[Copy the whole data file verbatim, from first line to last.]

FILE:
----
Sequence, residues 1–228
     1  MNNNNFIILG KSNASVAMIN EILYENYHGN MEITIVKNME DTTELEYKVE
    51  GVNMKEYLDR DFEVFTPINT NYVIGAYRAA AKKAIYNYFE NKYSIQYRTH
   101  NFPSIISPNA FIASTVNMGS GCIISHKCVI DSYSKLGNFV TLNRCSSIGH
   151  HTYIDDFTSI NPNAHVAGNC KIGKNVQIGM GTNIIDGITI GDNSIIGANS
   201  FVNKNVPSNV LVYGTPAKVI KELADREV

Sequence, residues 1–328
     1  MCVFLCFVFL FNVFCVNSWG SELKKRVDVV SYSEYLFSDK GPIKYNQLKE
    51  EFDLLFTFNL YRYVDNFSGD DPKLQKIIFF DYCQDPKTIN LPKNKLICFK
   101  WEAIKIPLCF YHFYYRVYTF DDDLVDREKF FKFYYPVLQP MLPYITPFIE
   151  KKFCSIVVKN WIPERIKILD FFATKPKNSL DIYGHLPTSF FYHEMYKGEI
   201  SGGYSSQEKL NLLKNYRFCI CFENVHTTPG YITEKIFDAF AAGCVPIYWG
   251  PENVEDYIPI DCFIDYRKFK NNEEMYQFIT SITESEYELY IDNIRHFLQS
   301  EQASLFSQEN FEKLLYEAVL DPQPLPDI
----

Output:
Sequence, residues 1–228
     1  MNNNNFIILG KSNASVAMIN EILYENYHGN MEITIVKNME DTTELEYKVE
    51  GVNMKEYLDR DFEVFTPINT NYVIGAYRAA AKKAIYNYFE NKYSIQYRTH
   101  NFPSIISPNA FIASTVNMGS GCIISHKCVI DSYSKLGNFV TLNRCSSIGH
   151  HTYIDDFTSI NPNAHVAGNC KIGKNVQIGM GTNIIDGITI GDNSIIGANS
   201  FVNKNVPSNV LVYGTPAKVI KELADREV

Sequence, residues 1–328
     1  MCVFLCFVFL FNVFCVNSWG SELKKRVDVV SYSEYLFSDK GPIKYNQLKE
    51  EFDLLFTFNL YRYVDNFSGD DPKLQKIIFF DYCQDPKTIN LPKNKLICFK
   101  WEAIKIPLCF YHFYYRVYTF DDDLVDREKF FKFYYPVLQP MLPYITPFIE
   151  KKFCSIVVKN WIPERIKILD FFATKPKNSL DIYGHLPTSF FYHEMYKGEI
   201  SGGYSSQEKL NLLKNYRFCI CFENVHTTPG YITEKIFDAF AAGCVPIYWG
   251  PENVEDYIPI DCFIDYRKFK NNEEMYQFIT SITESEYELY IDNIRHFLQS
   301  EQASLFSQEN FEKLLYEAVL DPQPLPDI